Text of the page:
Legal battle between black farmers and Stine Seed Co. begins tomorrow

By Angela Underwood | Aug 1, 2018

MEMPHIS, Tenn. – Ahead of federal court hearing this month over alleged bogus soybean sales, the president of the Black Farmers and Agriculturalists Association (BFAA) asked the public to think about the nation's food safety.

MEMPHIS, Tenn. – Ahead of federal court hearing this month over alleged bogus soybean sales, the president of the Black Farmers and Agriculturalists Association (BFAA) asked the public to think about the nation's food safety.

When racism threatens public safety, something must be done, Thomas Burrell, president of the BFAA, told the Louisiana Record on July 31.

“We are hoping the Stine Seed (Co.) will invariably do what we like to think is the right thing to do,” Burrell said, referring to a Thursday, Aug. 2 preliminary hearing before a federal court in Tennessee.

The BFAA filed a lawsuit against Stine Seed Co., the largest seed company in the world, for allegedly selling bogus soybean seeds at the Mid-South Farm & Gin Convention in 2017. 


Thomas Burrell, president of the Black Farmers and Agriculturalists Association  

Burrell claims Stine employees purposefully switched out certified soybean seeds and sold deficient seeds to black farmers, who paid up to $200,000 to purchase and treat with chemicals to no avail.

The BFAA tested the seeds at the University of Missouri and allegedly discovered they were not the Stine-manufactured seeds they paid for. 

“It was not accidental, and it was not coincidental,” Burrell said from his headquarters in Memphis, Tennessee. “They did this deliberately and it was calculated.”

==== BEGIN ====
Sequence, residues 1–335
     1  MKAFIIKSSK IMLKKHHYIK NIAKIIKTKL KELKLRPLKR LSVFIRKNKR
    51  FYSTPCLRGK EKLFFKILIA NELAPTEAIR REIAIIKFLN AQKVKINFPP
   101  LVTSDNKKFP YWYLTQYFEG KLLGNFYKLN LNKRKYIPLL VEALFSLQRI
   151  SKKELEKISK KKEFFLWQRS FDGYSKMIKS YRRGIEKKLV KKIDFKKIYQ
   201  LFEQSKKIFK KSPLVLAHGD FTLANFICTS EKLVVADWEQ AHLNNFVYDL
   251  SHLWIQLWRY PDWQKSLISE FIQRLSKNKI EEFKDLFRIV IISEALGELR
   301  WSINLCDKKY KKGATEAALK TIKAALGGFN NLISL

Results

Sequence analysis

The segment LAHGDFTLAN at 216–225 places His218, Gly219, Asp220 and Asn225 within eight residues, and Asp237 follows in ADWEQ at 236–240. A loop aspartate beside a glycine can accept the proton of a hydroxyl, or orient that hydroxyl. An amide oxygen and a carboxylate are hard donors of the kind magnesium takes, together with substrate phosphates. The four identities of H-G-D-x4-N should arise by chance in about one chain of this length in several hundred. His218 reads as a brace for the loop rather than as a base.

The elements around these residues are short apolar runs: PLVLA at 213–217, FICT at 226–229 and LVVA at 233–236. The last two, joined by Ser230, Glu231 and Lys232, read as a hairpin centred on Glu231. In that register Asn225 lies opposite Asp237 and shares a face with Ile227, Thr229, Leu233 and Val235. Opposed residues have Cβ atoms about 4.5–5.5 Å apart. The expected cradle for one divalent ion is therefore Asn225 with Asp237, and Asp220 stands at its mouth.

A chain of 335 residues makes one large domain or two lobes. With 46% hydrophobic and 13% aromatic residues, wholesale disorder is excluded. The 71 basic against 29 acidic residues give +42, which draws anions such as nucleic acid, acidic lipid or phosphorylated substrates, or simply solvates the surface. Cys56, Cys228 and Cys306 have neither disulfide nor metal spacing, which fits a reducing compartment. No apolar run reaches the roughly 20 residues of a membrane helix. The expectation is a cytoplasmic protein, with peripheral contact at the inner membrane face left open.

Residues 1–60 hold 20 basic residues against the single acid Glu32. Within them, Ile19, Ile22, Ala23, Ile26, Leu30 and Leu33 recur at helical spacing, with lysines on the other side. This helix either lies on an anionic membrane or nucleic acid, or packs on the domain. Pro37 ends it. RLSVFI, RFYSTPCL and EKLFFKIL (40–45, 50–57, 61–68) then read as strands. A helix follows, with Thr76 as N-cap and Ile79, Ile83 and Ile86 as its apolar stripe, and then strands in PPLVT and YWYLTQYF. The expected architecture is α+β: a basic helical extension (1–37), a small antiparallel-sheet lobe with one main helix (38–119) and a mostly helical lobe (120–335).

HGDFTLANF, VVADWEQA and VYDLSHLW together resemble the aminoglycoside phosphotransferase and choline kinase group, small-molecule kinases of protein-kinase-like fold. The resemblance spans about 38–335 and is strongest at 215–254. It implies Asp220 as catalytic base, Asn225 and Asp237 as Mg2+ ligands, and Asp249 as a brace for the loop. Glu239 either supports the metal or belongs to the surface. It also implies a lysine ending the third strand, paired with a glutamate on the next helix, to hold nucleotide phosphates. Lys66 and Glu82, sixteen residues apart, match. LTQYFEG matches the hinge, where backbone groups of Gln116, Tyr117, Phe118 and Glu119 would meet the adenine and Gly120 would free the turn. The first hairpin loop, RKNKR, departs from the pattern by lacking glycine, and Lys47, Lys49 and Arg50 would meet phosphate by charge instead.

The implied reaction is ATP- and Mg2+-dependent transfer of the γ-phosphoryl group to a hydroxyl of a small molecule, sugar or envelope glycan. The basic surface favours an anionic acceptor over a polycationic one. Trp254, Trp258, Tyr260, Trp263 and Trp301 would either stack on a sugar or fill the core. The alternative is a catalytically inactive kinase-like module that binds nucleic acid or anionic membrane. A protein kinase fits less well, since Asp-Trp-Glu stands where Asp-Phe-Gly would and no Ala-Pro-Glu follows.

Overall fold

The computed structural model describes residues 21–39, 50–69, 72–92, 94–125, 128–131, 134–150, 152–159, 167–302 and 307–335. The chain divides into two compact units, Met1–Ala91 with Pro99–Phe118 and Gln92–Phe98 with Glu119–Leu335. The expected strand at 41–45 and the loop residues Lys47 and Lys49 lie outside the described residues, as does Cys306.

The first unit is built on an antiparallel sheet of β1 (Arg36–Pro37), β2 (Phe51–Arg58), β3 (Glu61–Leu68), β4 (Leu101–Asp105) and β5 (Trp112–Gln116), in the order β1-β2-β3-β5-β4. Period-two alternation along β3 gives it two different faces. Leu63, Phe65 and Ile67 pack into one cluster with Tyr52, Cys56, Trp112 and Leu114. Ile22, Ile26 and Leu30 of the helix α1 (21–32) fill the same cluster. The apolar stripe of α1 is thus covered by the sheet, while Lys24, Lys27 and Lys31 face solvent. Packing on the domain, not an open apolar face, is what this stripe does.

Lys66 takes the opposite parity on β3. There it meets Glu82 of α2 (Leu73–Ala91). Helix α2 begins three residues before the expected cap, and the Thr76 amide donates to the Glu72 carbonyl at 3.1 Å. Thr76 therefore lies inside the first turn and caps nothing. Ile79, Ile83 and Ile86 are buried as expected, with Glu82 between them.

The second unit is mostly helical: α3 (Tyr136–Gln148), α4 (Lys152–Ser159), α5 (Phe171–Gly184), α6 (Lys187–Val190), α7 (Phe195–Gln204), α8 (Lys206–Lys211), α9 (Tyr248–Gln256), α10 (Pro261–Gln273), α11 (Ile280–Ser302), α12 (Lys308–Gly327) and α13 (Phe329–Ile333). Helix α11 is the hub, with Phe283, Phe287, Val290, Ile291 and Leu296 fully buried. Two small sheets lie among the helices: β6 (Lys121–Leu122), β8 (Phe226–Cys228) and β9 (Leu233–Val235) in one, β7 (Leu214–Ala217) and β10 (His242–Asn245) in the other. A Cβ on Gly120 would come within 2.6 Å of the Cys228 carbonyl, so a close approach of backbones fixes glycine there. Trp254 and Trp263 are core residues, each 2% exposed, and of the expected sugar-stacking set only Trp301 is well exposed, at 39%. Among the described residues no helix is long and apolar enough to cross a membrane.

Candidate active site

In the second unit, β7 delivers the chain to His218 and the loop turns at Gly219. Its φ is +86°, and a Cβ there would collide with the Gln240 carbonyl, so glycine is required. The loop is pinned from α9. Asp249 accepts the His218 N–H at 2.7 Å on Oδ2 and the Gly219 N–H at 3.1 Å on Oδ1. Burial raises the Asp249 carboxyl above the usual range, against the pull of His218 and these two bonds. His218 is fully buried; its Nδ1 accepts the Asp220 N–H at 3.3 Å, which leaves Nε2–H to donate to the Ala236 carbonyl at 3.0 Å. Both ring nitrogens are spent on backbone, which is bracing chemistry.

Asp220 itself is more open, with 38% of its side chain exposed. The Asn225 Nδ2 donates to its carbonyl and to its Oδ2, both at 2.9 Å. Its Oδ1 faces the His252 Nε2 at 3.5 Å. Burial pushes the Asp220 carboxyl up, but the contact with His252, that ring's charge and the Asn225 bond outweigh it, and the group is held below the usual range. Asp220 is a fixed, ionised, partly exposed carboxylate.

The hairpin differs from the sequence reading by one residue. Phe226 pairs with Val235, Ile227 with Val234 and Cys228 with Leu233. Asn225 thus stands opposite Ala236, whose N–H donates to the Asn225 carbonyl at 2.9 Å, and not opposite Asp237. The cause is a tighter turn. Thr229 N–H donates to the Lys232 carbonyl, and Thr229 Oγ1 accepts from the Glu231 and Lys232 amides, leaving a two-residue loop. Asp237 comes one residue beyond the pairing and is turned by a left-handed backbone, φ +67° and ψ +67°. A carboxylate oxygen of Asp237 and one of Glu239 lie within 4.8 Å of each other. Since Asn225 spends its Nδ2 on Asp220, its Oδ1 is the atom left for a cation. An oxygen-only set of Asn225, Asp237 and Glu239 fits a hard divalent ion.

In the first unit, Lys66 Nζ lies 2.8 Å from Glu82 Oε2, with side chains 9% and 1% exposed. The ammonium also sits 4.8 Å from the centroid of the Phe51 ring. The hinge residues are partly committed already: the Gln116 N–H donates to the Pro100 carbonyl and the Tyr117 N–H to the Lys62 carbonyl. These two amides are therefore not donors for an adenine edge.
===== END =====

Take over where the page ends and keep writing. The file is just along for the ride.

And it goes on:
At the end of the day, Burrell said it comes down to food safety.

“No matter what our traditional differences are politically or philosophically, we should never use food as an opportunity to punish another person,” he said. "We have laws to punish employees who deliberately put ingredients or substances into food, and soybeans are a food stock. There is a slippery slope here."

"This is basically wrong, and I don’t believe anyone in the country would defend Stine’s employees,” he added.

Although the BFAA's lawsuit claims the alleged bait-and-switch was racially motivated, Burrell said the organization has received calls from white farmers to attend the hearing as well. 

“This is not a white or black issue,” he said. “We are asking all citizens in the United States to stand up to Stine,” Burrell said.

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Organizations in this Story

Black farmers and Agriculturalist Association, Inc. Stine Seed Company U.S. District Court for the Western District of Tennessee

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Patricia A. Rogers

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